“And I specifically think about Philippians Chapter Two, where we’re reminded to think of others as better than ourselves. And to not try to dominate other people. I think that’s what sort of breaks civility and creates tension in a community—when others try to dominate, or even when we try to ‘otherize,’ if you will, folks, and treat them as if they are not part of our community. Or not part of the essential oneness of our humanity,” Struckhoff said.

The Baha’i teachings encourage respect and equality among all humans. Surahs Al-Imran and Al-Ankabut in the Qur’an encourage Muslims to “come to common terms with” the Ahl Al-Kitab, or “People of the Book,” meaning the Jews and Christians in pre-Islamic Arabia. Many faith traditions and sacred texts extol the virtues of politeness and respect.

“Part of the role of civility in any community is to really allow people to have different opinions. To be able to disagree on important things and things that are important to the whole community. And yet to maintain a sense that we’re together—we really are for the same thing, which is the greater good of the community. So civility is sort of, hopefully, the glue that holds the community together," Struckhoff said.

And,  Struckhoff says, having an organization whose mission is to help unify people who might otherwise not be at the same table makes a difference in a community.

“So, a community need like hunger. Or community needs like finding ways to support foster families. Or a community need like sheltering our homeless. Those are things that create the occasion for people of faith from different denominations, or even different faith traditions, to say, ‘You know what, we really believe that this is an important thing,’” Struckhoff said.

Council of Churches oversees programs like Crosslines, which serves the hungry in Greene County. Or Safe to Sleep, which provides shelter for homeless women. Common goals like these require civility among members.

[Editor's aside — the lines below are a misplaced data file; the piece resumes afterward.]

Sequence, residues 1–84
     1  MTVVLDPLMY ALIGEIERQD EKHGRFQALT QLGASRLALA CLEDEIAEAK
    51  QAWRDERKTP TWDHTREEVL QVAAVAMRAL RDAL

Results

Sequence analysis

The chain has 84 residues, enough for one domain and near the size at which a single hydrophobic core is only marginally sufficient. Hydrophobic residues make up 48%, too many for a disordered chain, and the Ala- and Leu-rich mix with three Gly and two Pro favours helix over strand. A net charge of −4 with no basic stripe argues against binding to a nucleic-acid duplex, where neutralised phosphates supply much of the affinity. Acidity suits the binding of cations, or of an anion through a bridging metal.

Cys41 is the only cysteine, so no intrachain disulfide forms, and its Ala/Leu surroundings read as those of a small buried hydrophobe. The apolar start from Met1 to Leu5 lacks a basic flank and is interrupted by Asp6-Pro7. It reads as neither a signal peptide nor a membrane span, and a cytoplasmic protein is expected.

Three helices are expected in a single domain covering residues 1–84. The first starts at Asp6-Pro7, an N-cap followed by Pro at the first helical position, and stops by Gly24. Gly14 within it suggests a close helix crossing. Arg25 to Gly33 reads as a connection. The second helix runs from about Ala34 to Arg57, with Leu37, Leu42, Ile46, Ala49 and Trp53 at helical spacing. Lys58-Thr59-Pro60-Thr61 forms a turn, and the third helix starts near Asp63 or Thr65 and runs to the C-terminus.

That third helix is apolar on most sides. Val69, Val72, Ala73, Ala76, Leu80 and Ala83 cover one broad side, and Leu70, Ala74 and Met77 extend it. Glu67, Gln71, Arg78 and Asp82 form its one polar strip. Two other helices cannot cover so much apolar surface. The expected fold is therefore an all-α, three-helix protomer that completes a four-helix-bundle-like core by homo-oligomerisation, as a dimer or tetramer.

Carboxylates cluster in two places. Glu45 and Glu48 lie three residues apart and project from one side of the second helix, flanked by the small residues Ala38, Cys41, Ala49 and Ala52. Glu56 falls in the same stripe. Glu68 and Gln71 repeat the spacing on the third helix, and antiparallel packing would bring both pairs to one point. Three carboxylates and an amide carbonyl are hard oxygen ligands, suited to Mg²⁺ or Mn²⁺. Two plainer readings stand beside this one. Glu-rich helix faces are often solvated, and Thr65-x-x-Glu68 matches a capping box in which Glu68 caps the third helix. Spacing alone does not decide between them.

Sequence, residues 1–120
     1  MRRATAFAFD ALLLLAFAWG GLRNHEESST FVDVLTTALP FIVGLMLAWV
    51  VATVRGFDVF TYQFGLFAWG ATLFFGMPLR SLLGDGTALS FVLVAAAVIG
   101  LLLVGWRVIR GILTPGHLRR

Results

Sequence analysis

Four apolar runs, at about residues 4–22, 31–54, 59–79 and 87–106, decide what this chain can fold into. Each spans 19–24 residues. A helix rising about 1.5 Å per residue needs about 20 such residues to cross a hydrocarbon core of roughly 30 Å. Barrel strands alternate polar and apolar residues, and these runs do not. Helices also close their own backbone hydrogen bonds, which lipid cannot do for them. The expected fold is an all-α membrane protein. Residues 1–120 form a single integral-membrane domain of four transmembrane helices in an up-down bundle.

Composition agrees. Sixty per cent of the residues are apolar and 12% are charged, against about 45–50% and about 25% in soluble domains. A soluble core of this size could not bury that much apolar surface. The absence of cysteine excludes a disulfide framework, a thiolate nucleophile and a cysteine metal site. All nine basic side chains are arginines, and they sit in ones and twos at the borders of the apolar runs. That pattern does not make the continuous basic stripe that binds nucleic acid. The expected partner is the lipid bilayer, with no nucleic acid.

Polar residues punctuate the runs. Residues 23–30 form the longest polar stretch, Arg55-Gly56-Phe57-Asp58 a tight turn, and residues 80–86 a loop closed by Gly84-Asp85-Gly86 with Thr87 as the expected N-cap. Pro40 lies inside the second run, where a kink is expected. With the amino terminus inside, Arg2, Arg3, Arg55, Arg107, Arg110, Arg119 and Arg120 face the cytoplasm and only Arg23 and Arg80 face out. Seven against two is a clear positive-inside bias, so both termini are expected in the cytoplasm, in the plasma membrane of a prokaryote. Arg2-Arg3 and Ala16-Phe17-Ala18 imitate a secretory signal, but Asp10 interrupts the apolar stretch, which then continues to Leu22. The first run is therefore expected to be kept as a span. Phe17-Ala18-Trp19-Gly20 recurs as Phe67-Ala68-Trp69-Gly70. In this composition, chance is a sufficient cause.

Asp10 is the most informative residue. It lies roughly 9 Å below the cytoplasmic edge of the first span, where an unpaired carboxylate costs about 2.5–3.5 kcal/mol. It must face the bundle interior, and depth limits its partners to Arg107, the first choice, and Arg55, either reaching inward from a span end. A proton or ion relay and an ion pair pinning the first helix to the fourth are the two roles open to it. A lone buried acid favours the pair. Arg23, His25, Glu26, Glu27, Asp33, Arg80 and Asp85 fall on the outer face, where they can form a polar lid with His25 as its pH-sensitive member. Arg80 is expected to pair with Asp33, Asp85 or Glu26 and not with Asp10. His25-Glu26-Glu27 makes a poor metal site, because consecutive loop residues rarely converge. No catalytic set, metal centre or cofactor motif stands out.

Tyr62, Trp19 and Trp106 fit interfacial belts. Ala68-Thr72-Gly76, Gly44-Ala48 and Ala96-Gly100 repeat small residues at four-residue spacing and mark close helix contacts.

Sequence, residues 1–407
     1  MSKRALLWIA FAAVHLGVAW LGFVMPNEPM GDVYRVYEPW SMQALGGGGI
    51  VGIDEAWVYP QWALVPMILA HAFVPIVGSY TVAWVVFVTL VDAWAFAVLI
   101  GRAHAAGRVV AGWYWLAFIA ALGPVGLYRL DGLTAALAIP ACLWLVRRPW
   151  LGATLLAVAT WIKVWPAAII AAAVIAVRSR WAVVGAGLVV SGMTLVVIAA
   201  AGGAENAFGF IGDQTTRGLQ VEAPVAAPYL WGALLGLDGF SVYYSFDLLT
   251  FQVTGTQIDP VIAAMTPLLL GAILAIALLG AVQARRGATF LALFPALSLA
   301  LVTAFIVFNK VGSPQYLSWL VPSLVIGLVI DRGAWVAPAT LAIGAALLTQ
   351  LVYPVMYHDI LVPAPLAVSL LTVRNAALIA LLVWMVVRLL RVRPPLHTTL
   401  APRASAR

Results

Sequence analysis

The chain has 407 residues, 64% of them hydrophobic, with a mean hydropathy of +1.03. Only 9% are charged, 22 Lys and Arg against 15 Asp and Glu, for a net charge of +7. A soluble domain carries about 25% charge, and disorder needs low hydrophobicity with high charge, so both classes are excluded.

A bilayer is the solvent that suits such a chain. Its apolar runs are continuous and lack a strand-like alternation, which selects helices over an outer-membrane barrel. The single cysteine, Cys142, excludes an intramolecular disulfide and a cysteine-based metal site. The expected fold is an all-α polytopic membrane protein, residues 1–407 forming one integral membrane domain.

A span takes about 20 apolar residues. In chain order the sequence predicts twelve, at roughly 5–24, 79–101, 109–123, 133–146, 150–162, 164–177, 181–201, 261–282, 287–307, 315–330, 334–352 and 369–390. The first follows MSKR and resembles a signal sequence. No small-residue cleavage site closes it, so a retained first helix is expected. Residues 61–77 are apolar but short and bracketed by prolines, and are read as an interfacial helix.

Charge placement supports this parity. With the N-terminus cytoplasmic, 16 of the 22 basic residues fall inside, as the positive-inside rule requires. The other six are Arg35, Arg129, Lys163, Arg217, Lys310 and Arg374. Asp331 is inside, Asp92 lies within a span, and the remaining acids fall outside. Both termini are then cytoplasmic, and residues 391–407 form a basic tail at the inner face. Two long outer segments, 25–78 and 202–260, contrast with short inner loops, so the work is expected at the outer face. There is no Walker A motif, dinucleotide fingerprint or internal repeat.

Missouri State University recently hosted Dr. Eboo Patel as its featured Public Affairs speaker. He’s the founder and president of Interfaith Youth Corps.

“I think that we live in a ‘best of times, worst of times’ kind of moment,” Patel said.

His organization is trying to make interfaith cooperation a social norm in the US.

“Frankly, I’m shocked by some of the rhetoric that’s coming from high political office these days. It has been typically the case in America that our national elected leaders, from George Washington on, have been overt and explicit about welcoming religious diversity,” Patel said.

That’s the “worst of times” part, he said. And, it’s worth noting, all people interviewed for this story said they believed that some elected leaders, who serve as role models, are inciting a lack of civility.

The best of times, though?  Eboo Patel says many more people are aghast at the ugly rhetoric they’re seeing—and they’re standing up more publicly against it. 

He says incivility is directly related to fear.  Fear of “the other,” including the “other” religious groups.

“There are stories about European map makers in the Middle Ages who would make maps where Europe was in the center. And everywhere else they would write the words, ‘Here be monsters.’ And they were literally imagining people and societies and civilizations they’d never met as monsters. And I think we’re still doing that right now,” Patel said.